Biochar is also showing promise in cleaning up polluted water, perhaps as a much cheaper replacement for activated charcoal, which is used at sites ranging from treatment plants to areas that are heavily contaminated with toxic chemicals. Biochar particles have a relatively large surface area, which expands even further in water, providing a vast number of sites for contaminants to bind to, says Charles Pittman, a retired chemist at Mississippi State University in Starkville. He says that this type of pollution remediation may be particularly beneficial in countries that lack full water-treatment systems. It could also help to remove antibiotics or chemical wastes, which are difficult to strip out with conventional water treatments.
Scientists have even explored biochar's potential for treating fluids used in oil and gas drilling, and as a component of print toners and paint products. “There's a lot of other markets that haven't fully been explored yet,” says Kurt Spokas, a soil scientist with the US Department of Agriculture's Agricultural Research Service in St Paul, Minnesota.
“The hope is that biochar could help farmers, particularly in Africa and other developing regions.”
Experts caution, however, that it is not clear when or whether remediation — or other applications — will be economical, particularly in agriculture. Poor soils and poverty often go together. After demonstrating yield increases in Kenya, Crane-Droesch looked at the economic viability of biochar in the same communities. “What we found was almost nobody was willing to pay for biochar when offered at roughly the price it took to make it,” he says.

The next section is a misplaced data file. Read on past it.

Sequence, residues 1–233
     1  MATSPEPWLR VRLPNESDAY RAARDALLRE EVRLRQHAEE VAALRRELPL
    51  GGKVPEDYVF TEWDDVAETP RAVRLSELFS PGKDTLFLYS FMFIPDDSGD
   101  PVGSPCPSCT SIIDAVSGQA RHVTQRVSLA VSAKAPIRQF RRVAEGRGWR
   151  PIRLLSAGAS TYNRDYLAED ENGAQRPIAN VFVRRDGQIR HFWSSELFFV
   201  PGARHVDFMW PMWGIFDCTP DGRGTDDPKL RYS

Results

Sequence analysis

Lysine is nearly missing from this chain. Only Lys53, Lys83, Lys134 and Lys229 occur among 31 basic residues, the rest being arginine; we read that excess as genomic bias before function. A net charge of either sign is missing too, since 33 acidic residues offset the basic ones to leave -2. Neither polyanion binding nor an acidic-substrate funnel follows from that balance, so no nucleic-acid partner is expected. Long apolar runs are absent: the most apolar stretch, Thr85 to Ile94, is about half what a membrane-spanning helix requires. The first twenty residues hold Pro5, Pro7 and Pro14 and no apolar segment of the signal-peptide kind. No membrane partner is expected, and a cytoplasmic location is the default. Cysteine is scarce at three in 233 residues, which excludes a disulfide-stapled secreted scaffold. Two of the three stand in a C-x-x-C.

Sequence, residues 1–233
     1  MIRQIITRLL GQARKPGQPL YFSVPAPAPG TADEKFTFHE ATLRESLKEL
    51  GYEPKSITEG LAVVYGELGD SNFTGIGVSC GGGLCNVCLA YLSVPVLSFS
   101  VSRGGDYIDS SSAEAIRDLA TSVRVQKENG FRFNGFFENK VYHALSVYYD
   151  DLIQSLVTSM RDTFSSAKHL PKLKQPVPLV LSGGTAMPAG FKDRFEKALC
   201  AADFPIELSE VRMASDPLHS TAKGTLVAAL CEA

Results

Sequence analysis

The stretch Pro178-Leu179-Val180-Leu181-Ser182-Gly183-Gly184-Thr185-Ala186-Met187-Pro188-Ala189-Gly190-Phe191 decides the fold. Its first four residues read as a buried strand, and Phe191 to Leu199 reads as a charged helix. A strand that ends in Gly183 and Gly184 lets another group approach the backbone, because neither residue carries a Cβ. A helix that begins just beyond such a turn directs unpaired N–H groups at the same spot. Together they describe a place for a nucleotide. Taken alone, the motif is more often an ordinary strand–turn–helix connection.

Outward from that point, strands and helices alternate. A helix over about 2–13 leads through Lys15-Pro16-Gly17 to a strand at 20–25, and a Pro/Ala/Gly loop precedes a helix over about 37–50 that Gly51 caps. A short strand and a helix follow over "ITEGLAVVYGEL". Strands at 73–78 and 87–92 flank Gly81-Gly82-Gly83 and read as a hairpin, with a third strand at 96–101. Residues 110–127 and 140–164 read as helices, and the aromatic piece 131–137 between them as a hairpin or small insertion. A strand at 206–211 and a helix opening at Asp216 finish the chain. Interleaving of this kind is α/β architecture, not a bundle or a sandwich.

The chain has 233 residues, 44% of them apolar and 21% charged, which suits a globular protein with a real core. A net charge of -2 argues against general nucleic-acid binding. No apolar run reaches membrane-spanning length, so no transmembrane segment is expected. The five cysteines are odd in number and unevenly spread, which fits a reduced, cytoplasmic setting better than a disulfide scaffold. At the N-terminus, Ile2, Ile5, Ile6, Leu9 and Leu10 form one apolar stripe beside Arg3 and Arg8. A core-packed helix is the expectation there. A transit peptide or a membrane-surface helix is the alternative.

Biochar prices vary widely, but in the United States some products cost US$3 per kilogram, comparable to certain fertilizers and more than many composts. On a large scale, biochar production may make economic sense only when biofuel production does — for example if it is subsidized or because policies to reduce carbon emissions drive fossil-fuel prices up.
And if demand ever does surge, there will be questions about the environmental impact of producing biochar. One key concern is the choice of feedstock. China is eager to use agricultural waste, such as rice and wheat straw, and some researchers in the United States are even pushing animal manure, but neither may be the most efficient way to produce it on a massive scale. And using wood could spur deforestation or harmful land-use practices.
“It's an incredibly important question to ask: what is the sustainability of the feedstock?” says Alfred Gathorne-Hardy, research director of the India Centre for Sustainable Development at the University of Oxford, UK. “This is the kind of debate I don't think we're seeing enough about within the biochar world.”
That debate may grow as consumer interest does — something that is slowly happening around the world. Björn Embrén, who is responsible for tree planning and protection in Stockholm, says that the city has been using biochar to boost local vegetation since 2009; he credits it with the city's healthiest tree growth in recent years. In September, the New York-based charity Bloomberg Philanthropies awarded Stockholm €1 million (US$1.2 million) to launch a city-wide programme that will turn residential garden waste, and eventually food waste and even sewage, into biochar.
Back in Brooklyn, Flanner continues to monitor his crops. The lettuces and carrot tops glisten under the rain as he steps carefully between rows in his bright yellow rain jacket. He thinks that the biochar will be good for his soils over the long term because it helps them to retain nutrients and water. “Those are both very important, especially in such a well-drained soil as on a green roof,” he says. “We tend to lose both of those quickly.”
But before he adds more of the black grains to other parts of his farm, he will wait to see how the crops respond over the next few years. Like the scientists studying biochar, he is eager to see whether it will live up to its bright promise or fade like so many other would-be wonder materials.